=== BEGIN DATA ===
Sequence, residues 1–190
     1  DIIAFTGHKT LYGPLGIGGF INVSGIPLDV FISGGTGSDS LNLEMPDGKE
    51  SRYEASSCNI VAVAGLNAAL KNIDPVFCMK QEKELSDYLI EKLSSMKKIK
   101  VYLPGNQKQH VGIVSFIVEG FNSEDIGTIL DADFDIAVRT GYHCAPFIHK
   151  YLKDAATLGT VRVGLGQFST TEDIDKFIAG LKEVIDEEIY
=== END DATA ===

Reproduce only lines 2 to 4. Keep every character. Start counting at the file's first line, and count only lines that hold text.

     1  DIIAFTGHKT LYGPLGIGGF INVSGIPLDV FISGGTGSDS LNLEMPDGKE
    51  SRYEASSCNI VAVAGLNAAL KNIDPVFCMK QEKELSDYLI EKLSSMKKIK
   101  VYLPGNQKQH VGIVSFIVEG FNSEDIGTIL DADFDIAVRT GYHCAPFIHK